The UN General Assembly is a place where world leaders tend to keep things refined and play it cool, but there are always some entertaining exceptions – and this year, French President Emmanuel Macron was happy to do the honors.
Banging his fist passionately on the rostrum, Macron warned that “nationalism always leads to defeat” in what was immediately understood to be a thinly veiled rebuke of US President Donald Trump, who had spoken shortly before him.
The speeches from the two leaders were quite literally worlds apart. Macron sounded the alarm about multilateralism and dialogue falling apart, which he said would lead “directly to isolation and conflict” to the detriment of everyone, “even in the end, those who thought they were strongest.” Meanwhile, Trump rejected a globalist ideology and promised never to surrender US sovereignty to an “unelected, unaccountable global bureaucracy.”
It was the battle of the globalists v the nationalists – but was the French leader’s display enough to outdo one of the most notorious UN meltdowns?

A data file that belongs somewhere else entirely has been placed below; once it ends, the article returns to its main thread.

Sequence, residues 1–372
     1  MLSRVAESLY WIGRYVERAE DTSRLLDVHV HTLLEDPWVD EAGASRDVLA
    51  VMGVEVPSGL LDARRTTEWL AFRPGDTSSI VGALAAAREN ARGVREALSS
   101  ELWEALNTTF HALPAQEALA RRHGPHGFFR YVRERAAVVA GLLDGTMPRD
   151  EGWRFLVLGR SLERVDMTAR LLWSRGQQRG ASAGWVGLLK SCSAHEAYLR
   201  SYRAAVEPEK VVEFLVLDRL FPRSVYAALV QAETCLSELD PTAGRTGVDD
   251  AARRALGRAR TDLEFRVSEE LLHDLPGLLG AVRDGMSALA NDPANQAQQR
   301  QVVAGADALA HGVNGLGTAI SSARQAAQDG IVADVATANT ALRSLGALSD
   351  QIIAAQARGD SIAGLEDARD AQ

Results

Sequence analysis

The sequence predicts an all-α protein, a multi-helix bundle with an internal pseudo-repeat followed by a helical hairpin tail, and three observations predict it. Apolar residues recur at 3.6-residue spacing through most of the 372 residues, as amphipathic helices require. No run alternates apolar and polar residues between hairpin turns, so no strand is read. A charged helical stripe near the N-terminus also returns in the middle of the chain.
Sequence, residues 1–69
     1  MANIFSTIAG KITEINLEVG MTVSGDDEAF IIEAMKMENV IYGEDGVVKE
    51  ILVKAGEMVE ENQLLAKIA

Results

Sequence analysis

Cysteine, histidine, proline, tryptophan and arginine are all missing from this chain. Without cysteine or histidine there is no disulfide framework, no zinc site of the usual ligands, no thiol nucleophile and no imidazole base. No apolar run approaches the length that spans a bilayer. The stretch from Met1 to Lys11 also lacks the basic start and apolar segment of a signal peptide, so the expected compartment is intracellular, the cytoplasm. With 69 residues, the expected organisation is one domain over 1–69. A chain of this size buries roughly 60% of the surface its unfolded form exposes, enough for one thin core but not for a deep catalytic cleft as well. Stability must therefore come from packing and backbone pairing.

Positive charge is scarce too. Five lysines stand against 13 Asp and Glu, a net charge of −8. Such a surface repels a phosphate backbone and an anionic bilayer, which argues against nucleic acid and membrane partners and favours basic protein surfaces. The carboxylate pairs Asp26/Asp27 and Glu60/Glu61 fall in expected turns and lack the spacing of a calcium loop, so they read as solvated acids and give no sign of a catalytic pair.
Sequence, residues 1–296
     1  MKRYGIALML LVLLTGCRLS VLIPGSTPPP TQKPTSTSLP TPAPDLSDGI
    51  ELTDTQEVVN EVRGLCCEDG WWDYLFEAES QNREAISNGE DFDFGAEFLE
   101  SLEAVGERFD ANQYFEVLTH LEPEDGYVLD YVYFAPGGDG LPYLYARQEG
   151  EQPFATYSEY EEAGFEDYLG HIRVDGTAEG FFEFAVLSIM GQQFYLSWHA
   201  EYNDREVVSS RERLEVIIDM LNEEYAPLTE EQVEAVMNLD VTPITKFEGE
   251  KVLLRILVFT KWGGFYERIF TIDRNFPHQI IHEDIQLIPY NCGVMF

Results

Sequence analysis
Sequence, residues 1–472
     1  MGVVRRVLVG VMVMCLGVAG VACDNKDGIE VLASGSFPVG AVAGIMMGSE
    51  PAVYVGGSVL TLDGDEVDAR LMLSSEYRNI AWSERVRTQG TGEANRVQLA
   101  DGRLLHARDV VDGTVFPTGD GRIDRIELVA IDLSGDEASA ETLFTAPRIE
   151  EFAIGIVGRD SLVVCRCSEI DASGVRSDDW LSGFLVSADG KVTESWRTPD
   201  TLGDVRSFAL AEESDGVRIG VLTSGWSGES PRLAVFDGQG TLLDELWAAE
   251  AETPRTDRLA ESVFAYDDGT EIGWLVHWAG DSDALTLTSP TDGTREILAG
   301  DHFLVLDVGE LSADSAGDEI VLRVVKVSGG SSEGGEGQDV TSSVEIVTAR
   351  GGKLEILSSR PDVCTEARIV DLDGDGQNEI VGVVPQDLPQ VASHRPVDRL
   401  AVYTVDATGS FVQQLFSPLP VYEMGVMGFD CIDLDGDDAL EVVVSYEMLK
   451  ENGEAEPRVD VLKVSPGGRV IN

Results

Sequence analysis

READ MORE: A faded bromance? Macron hits out at Trump on Iran and trade
In 1960, Soviet leader Nikita Khrushchev gave an equally fiery speech from the UN podium about the dangers of global imperialism. Listening back to Khrushchev’s speech in a modern context, it still sounds remarkably up to date.
Waving his arms around dramatically, the Soviet leader railed against the West and warned that the US was the “the most imperialistic power, which supports colonial regimes” and that “all the sparrows [were] tweeting about it.” He said that the US had made violations of international law a “principle of deliberate state policy.”
Khrushchev’s speech turned out to be a little fierier in the media than in reality, however. A tale about Khrushchev taking off his shoe and banging it on the podium has become legend – but the absence of any video footage of it turns the incident into mere fake news.
In an interview with RT in 2011, Khrushchev’s son, Dr Sergei Khrushchev, said the fact that the incident had become legendary “showed the power of the media” and the fact that propaganda is so powerful that “you can believe in many things that never happened.”
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